Simple changes to storage, networks and telephony make big impact on bottom line
AgileIT CEO Nick Truran highlights three IT areas to focus on to achieve significant savings.
South African companies can make significant savings and materially improve their bottom-line performance by making simple changes to the way they manage their information technology (IT) operations.
It is well known that the global trend of large corporate companies is to spend millions annually on technology (up to 50 per cent of all business spend in some instances). However a 2016 study by Genpact Research Institute estimates that nearly 70 percent of all IT spend may be misallocated.
According to Gartner, total global spend on IT ran to an estimated USD 3.7 trillion in 2018, 6.2 percent higher than the previous year. Similarly spend by South African corporates is expected to increase to R303.46 billion in 2019, albeit at a more modest 3.9 percent overall increase over 2018.
Furthermore, Genpact Research also found that of the $600 billion spent on digital projects, almost $400 billion was invested on projects that fell short of required returns on investment.
Where does South Africa stand in terms of IT spend? Gartner says software spending in SA will reach R32 billion in 2019, an 11.4 percent increase from 2018. Most of this spend will be on cloud services, which will include software, platform and infrastructure in a bid to increase cost efficiencies.
Our experiences in assisting companies to optimise IT spend and overall ROI is to rigorously probe whether the current IT landscape is aligned to the business strategy and thus fit for purpose. When this is coupled with getting the IT department to start thinking of itself as a service provider to the business, four decisions can be made with regards to IT spend:
- It becomes possible to see where costs can be saved
- Technology elements to be “sunsetted” can be identified
- It’s possible to see where existing technology can be re-used
- We can identify which new investments need to be made.
Our belief is that this process can effect savings of as much as 20 percent on overall annual IT costs and on average add between R5 million to R10 million a year to the bottom line among larger corporates.
Where to find savings in IT
Our experience over many years has shown that a good place to start to find rapid savings is in the following three areas: storage, networks (connectivity) and telephony.
Storage: This is a significant area of waste among most companies, whose focus tends to be on operational execution and not on housekeeping. By rewriting and redefining policies and procedures around data retention, data storage and backup retention, small, smart investments can result in substantial savings. Older contracts also often relate to the outdated provisioning of storage systems. By simply restructuring these contracts enormous savings on recurring costs can be made.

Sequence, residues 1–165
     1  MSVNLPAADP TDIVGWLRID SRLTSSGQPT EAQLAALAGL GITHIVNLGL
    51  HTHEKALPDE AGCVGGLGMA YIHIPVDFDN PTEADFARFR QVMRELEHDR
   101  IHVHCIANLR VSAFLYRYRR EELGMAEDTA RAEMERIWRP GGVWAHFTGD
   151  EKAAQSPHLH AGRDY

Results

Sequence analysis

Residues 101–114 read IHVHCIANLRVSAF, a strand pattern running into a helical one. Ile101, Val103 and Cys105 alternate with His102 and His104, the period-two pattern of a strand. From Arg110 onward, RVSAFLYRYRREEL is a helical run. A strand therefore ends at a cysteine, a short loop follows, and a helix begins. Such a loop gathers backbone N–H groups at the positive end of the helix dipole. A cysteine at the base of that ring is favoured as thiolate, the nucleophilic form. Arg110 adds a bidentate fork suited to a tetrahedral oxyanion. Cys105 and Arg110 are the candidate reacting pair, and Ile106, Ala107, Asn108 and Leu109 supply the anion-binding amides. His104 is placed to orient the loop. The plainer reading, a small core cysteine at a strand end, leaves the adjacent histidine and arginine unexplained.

As a practice, businesses should schedule regular reviews of their data classification, data retention, archiving and backup retention policies and procedures. In my experience, this is rarely done, if even at all.
Another rule of thumb is to evaluate capital investment carefully. Equipment is a sunk cost. I advocate pay for utilisation, rather than an outright purchase of infrastructure. Often companies oversubscribe on their capacity because of projected demand that is seldom realised or that could be dealt by overseeing that proper housekeeping is performed.
Networks and connectivity: Quick wins can be made on connectivity costs i.e. links to ISPs, branches and back up sites, among others. Start by analysing your current landscape and infrastructure and then consider:
- Converting from old network technologies to software-defined WAN/LAN services
- Eliminating complexity in carrier support by becoming carrier agnostic
- Eliminating legacy approaches
- Embracing cloud-based telephony solutions
- Eliminating physical hardware and embracing enterprise mobility
Telephony – Cloud-based platform: Modern cloud-based systems offer huge savings over traditional PABXes from call recording, to lead generation as well as Interactive Voice Recognition (IVR) as an option to some more costly customer-facing interventions. There are even lightweight workforce management solutions that will help enable true enterprise mobility and office anywhere initiatives.
There is a general perception within corporate IT departments that about 80 percent of the budget should be spent on existing operations and the balance on innovations. The irony is that poor utilisation of IT spend is holding these very operations back from digital transformation. Most organisations are so engaged in maintaining their legacy systems that in some cases as little as five percent of the budget gets allocated on innovation.
There is no doubt that when IT is aligned to the overall business strategy and effective focus is made on specific areas of cost – as suggested above – significant improvements in the bottom-line profitability of the company are almost guaranteed.